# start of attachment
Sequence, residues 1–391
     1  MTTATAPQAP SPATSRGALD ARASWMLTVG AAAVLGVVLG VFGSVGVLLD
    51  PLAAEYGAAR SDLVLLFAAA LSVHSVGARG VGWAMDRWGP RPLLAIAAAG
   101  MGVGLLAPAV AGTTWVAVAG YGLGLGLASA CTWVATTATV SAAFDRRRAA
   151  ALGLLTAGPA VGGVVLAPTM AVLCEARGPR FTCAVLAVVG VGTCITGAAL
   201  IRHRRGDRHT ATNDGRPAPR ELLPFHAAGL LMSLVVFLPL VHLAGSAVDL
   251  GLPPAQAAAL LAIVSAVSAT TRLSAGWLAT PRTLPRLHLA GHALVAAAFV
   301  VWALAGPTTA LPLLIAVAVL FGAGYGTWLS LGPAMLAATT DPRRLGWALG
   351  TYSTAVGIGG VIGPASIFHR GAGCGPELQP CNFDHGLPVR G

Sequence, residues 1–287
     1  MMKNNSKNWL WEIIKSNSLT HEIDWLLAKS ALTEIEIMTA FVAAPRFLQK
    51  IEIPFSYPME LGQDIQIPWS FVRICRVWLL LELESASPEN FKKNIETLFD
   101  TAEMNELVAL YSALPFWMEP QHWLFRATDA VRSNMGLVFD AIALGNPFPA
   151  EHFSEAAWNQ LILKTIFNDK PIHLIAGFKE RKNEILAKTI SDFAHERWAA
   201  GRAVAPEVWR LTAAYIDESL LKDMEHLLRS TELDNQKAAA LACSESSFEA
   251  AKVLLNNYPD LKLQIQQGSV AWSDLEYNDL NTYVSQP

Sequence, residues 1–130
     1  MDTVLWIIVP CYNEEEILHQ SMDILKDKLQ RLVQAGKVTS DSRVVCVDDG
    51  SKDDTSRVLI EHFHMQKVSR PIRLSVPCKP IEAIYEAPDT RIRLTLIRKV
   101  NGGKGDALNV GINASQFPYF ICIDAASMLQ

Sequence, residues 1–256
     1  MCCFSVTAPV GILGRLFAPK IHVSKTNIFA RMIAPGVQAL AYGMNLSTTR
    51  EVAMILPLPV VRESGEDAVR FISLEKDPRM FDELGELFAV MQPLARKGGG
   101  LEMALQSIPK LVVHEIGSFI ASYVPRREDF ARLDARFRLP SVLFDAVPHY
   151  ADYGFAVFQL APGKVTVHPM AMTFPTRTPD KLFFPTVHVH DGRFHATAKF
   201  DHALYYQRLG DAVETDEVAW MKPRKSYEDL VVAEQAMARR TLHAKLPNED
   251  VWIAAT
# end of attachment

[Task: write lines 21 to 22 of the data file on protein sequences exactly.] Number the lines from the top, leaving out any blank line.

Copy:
Sequence, residues 1–256
     1  MCCFSVTAPV GILGRLFAPK IHVSKTNIFA RMIAPGVQAL AYGMNLSTTR